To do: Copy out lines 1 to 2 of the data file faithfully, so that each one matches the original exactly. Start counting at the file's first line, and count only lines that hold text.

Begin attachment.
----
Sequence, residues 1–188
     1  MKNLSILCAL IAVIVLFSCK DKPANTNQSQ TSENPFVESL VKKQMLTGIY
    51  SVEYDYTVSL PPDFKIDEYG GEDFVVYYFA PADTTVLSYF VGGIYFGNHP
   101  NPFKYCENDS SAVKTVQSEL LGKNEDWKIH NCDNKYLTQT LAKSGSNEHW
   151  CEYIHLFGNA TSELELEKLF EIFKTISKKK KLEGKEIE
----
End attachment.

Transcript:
Sequence, residues 1–188
     1  MKNLSILCAL IAVIVLFSCK DKPANTNQSQ TSENPFVESL VKKQMLTGIY